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Can tax reliefs bring additional returns for ethical investors?



Photo: Alan Cleaver via Flickr

Lee Smythe, managing director of Smythe & Walter Chartered Financial Planners, delves into the tax breaks that could make sound ethical investments even more attractive.

There are many mainstream options for ethical investors, such as funds which exclude certain sectors, like arms or tobacco, or which target specific themes, such as renewable energy or waste recycling.

However, investments with a restricted scope often struggle to compete with the wider market due to the comparatively limited range of options for the fund managers. This is where the potential to take advantage of certain tax breaks can add value to certain areas of green or ethical investment, particularly in the renewable energy, recycling and energy efficiency arenas.

Before we look at the potential tax benefits, it is worth considering that the ‘tax tail’ shouldn’t wag the ‘investment dog’ and the viability of the underlying investments should be considered on sound principles first.

The UK renewable energy sector is estimated to be worth £120 billion and is being driven by both economic and political factors such as rising energy costs and global concerns over climate change. With increasingly supportive government policy and regulation (under the target of the 2009 European Renewable Energy Directive, the UK must ensure that 15% of energy consumption comes from renewable sources by 2020) it is expected that this growing sector could be pushed to £150 billion by 2014-15.

Other initiatives supported by the government are also targeting energy efficiency, as electricity and gas prices have risen considerably above the rate of inflation over recent years and it is estimated that up to 30% of energy bought by businesses is wasted. In another sign of the government’s commitment, David Cameron stated in April that, “We are putting energy efficiency where it should be; at the heart of our energy policy”.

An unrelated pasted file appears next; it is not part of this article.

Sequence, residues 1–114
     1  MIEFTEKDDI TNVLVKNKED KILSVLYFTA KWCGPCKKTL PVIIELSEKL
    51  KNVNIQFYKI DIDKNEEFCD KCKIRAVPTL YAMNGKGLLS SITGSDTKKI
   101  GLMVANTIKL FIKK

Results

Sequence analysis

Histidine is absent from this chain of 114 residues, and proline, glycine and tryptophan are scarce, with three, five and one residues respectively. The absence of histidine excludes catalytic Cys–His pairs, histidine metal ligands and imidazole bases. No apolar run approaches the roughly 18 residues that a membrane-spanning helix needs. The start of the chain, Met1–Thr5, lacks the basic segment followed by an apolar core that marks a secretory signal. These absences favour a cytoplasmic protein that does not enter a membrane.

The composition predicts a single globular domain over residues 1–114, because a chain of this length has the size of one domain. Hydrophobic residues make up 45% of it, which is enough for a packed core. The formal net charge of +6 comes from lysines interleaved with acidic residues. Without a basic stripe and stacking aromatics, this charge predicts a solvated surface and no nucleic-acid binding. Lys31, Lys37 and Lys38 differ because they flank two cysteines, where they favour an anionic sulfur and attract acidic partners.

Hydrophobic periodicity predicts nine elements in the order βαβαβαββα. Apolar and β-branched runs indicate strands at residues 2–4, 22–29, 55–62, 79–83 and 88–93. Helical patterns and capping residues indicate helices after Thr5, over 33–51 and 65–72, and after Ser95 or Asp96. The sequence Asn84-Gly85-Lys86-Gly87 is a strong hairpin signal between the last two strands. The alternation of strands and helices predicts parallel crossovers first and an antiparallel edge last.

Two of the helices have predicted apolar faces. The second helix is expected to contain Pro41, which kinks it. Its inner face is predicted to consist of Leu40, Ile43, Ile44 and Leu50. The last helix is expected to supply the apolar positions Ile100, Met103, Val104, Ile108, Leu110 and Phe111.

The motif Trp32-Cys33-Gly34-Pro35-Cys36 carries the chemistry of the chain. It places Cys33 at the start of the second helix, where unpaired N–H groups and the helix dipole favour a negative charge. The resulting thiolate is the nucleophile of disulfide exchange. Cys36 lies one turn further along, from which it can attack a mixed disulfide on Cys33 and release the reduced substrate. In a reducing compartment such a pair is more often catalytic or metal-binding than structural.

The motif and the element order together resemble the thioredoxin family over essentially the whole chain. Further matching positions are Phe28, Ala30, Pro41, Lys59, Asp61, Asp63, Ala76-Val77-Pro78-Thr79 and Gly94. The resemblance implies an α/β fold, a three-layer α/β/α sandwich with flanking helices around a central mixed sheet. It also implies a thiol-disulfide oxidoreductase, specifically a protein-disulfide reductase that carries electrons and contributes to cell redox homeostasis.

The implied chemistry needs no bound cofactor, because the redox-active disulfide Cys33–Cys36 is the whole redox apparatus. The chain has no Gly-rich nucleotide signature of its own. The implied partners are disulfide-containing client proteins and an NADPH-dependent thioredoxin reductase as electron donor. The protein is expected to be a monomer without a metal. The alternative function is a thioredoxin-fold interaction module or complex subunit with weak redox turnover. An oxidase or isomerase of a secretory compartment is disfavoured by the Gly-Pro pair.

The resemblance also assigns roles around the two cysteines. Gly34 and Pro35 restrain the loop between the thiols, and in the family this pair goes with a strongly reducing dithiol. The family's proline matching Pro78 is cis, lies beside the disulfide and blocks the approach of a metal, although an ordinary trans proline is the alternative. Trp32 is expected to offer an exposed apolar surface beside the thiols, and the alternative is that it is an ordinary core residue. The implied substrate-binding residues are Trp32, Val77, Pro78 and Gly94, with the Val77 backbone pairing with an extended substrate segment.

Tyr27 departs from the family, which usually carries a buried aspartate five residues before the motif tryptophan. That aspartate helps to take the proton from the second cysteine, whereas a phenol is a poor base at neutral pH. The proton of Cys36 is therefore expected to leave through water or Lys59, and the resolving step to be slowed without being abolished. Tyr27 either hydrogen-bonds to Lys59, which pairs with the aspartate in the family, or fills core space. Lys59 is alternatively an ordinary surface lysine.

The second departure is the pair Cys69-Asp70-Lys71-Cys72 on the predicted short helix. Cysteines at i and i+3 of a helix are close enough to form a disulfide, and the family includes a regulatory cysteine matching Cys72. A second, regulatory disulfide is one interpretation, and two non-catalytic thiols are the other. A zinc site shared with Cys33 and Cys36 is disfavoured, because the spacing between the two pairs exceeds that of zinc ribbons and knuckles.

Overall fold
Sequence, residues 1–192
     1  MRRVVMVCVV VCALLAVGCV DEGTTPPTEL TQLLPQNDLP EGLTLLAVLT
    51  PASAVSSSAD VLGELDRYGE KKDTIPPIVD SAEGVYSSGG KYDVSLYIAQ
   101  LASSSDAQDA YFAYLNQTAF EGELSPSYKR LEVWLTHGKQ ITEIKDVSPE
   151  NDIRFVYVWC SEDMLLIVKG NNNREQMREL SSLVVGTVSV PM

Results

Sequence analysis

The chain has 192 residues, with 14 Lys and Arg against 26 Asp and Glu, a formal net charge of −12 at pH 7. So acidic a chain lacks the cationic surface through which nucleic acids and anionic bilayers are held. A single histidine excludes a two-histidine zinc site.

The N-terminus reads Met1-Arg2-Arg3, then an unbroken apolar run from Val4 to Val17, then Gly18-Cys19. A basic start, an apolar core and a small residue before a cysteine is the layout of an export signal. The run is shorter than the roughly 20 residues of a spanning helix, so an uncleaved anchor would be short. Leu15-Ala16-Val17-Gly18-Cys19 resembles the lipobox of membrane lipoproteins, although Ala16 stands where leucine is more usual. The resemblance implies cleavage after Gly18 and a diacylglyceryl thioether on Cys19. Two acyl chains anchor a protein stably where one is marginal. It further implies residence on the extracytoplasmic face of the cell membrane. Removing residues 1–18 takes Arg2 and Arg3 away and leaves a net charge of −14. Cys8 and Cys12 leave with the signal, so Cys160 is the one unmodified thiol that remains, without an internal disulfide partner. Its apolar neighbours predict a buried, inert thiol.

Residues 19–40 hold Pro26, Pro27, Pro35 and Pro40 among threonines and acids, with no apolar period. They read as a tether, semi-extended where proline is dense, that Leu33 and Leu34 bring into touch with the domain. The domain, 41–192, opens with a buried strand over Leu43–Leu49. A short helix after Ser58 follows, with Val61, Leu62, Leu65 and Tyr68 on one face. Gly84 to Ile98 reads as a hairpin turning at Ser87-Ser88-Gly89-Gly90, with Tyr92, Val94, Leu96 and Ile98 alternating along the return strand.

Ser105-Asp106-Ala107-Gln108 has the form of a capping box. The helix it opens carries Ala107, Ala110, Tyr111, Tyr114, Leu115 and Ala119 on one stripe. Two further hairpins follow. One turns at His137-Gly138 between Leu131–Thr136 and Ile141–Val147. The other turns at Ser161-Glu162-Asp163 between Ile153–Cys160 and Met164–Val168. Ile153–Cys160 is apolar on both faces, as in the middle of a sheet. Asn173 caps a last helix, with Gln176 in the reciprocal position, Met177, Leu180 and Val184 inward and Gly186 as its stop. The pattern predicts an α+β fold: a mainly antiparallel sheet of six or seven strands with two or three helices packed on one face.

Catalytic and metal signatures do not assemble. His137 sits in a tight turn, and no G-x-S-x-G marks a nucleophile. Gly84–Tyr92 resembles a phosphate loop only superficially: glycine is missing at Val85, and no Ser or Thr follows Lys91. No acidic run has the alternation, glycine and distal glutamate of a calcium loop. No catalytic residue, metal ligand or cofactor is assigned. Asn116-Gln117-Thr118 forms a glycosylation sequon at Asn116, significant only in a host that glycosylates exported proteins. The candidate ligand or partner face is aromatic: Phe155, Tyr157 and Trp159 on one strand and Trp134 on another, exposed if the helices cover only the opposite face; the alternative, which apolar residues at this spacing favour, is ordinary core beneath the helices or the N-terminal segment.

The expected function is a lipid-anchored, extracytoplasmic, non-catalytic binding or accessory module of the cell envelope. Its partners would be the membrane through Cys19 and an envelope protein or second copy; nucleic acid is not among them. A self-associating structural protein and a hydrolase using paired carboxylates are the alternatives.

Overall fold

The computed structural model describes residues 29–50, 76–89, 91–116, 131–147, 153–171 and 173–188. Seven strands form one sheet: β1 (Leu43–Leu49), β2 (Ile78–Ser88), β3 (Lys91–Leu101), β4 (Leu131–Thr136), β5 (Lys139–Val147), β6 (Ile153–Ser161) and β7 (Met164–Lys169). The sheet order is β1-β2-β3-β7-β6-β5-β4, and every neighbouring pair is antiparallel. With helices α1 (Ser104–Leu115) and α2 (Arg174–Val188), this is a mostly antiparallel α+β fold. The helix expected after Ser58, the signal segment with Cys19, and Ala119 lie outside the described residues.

It would seem that the case for investing in renewable energy and energy efficiency is based on a solid ground, so what tax breaks could make such investments even more attractive?

The two principle structures which are used to provide access to these investment areas in a tax efficient manner are Enterprise Investment Schemes (EIS) and Venture Capital Trusts (VCT).

An EIS provides direct investment in unquoted companies which satisfy certain conditions regarding their size and type of trade. In exchange for holding for a minimum period of three years, investors benefit from the following:

- 30% income tax relief

- No Capital Gains Tax on disposal

- Free from Inheritance Tax after two years

Most schemes provide access to a range of underlying investments to spread risk, and estimated returns are generally high once the tax relief is included, although these are never guaranteed and like most investments there is a risk to the money you invest.

For example, a new EIS share bought for 100p would benefit from 30p tax relief, leaving a net cost of investment of just 70p. If you were then to realise say 112p from your investment four years later, your effective profit would be 60%, and this is tax-free.

VCTs in comparison are quoted collective investment vehicles similar to Investment Trusts. They were designed to encourage investment in to smaller companies by giving investors significant tax advantages. VCTs now have a minimum holding period of five years and investors benefit from:

- 30% income tax relief

- No Capital Gains Tax on disposal

- Tax-free dividends

Whilst the five-year holding period of a VCT may seem less attractive than an EIS for the same 30% upfront tax relief, the availability of tax-free dividends, especially where buying into an established portfolio of assets, can provide a real boost. Some VCTs offer tax-free dividends of around 5% per annum, which for a 40% tax payer would be the same as receiving a return of 8.33%.

There are a range of options available, with minimum investment levels starting as low as £3,000, although they will not suit all investors. The majority of schemes are only available for short periods as they seek to raise limited amounts of money for specific projects and the more popular schemes from experienced managers with strong track records tend to fill up fast.

It is therefore important to seek professional independent advice if you wish to consider such schemes as your adviser will be able to look at which options are available at the time and fully explain the risks as well as the potential benefits which you may receive.

In conclusion, these sectors offer excellent potential with support from government legislation driving the size of the market and government tax benefits providing additional incentives to investors.

Lee Smythe is managing director of Smythe & Walter Chartered Financial Planners, based in the south east.

National Ethical Investment Week runs until Saturday, October 20. Join the movement on Twitter using the hashtag #NEIW12.

Further reading:

Talk of high returns amongst ethical investors detracts from the point

Why the best financial advice includes ethical investment options

The ethical investment performance myth

National Ethical Invsetment Week 2012 begins

The joy of tax


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